Having spent the last few months implementing PLM in two different organisations, the moral of today’s story is “you get out what you put in”. The “what” in this instance being internal people.
For the purpose of this tale, and respectful anonymity, let’s call my two organisations Company A and Company B. Both Company A and Company B started implementing around the same time and the scope of the projects were not too dissimilar, both implementing the same PLM modules, both integrating to other internal business systems, both with a similar amount of users. Company A however, is bang on both time and budget and has recently gone live with phase 1, Company B on the other hand has had to push back their go live date and the budget is starting to drown in the murky waters of scope creep. So what went wrong I hear you ask? Let’s examine the two cases in hand and play a little game of spot the difference…
Company A assigned two internal people that knew their business inside out to help us define the new business process and system configuration. They provided examples of all existing documentation and coordinated the required data gathering from the various departments. One of these people was full time on the PLM project, being involved in every meeting, participated in all training sessions on the system and will be supporting the internal team during rollout.
Company B assigned two internal people that knew their business inside out to help us define the new business process and system configuration. They provided examples of all existing documentation but other members of the internal team, or even us, the implementers, were asked to gather the required data. These two people were not involved in the training on the system and new people have been brought into the business to support the internal team during rollout.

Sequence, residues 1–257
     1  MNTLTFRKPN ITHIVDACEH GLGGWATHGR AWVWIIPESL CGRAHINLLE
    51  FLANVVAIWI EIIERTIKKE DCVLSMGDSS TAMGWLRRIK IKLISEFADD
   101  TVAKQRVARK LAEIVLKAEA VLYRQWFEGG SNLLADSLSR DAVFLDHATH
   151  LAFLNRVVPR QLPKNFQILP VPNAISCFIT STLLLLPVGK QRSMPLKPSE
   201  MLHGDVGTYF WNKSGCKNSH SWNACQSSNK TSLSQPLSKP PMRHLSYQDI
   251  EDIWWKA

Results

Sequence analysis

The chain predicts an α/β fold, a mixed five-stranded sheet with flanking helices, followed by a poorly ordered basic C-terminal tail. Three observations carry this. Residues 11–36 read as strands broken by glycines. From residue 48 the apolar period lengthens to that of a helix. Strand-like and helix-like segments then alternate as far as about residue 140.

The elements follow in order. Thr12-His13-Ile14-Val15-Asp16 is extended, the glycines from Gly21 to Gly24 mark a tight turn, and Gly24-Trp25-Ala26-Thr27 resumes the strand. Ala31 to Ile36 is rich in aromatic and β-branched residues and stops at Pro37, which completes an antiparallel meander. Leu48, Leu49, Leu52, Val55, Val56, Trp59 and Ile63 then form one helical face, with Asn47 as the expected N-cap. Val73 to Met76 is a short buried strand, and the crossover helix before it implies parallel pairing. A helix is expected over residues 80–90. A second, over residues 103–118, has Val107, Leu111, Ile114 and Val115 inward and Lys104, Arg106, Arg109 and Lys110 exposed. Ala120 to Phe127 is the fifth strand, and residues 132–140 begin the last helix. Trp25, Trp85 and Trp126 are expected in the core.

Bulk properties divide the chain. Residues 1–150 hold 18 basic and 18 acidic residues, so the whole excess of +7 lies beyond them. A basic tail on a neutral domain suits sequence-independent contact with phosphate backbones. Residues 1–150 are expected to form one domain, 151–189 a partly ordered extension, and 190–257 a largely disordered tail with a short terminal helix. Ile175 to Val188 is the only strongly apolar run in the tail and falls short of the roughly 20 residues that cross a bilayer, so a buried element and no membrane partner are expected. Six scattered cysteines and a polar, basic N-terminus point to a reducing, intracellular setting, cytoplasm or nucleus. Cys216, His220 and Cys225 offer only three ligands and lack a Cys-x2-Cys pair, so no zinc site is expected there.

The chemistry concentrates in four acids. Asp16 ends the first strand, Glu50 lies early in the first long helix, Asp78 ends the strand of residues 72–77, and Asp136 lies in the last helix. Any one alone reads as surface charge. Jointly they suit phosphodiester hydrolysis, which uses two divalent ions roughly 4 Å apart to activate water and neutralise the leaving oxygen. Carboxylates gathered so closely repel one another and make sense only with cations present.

So what was the difference here that enabled Company A to meet deadlines and budget but made Company B fall by the wayside? Yep, that’s right internal resources, or to be more precise dedicated internal resources. By not having a dedicated internal resource, Company B put their project at risk. Implementing PLM is not so straight forward that people can dip in and out of the project. It requires an internal resource that understands the business in depth and understands the requirements of PLM. The only way to achieve this is to have consistency in the internal team, start to finish. People that are new to the project or new to the business cannot grasp the hidden complexities or detailed requirements to the level needed for the project to run on time, on budget and successfully go live.
Too often, we as the implementers are seen as something of magicians, or at the least assumed to possess some level of psychic abilities. We have the expertise to guide and coach but we need to be provided with the required data in a timely manner, such as grade rules, standards and library data. If we have new people coming in at every stage of the project we cannot magically transfer knowledge into their heads, it adds time and effort to get them up to speed.
What made company A the success story was having a dedicated internal resource. We were able to have a continuous point of contact to educate and support, which in turn equipped them to educate and support the rest of their team as they were brought into the project. This internal ownership is crucial so that reliance on the implementer can be naturally phased out so that both deadlines and budget are met and go live is a success.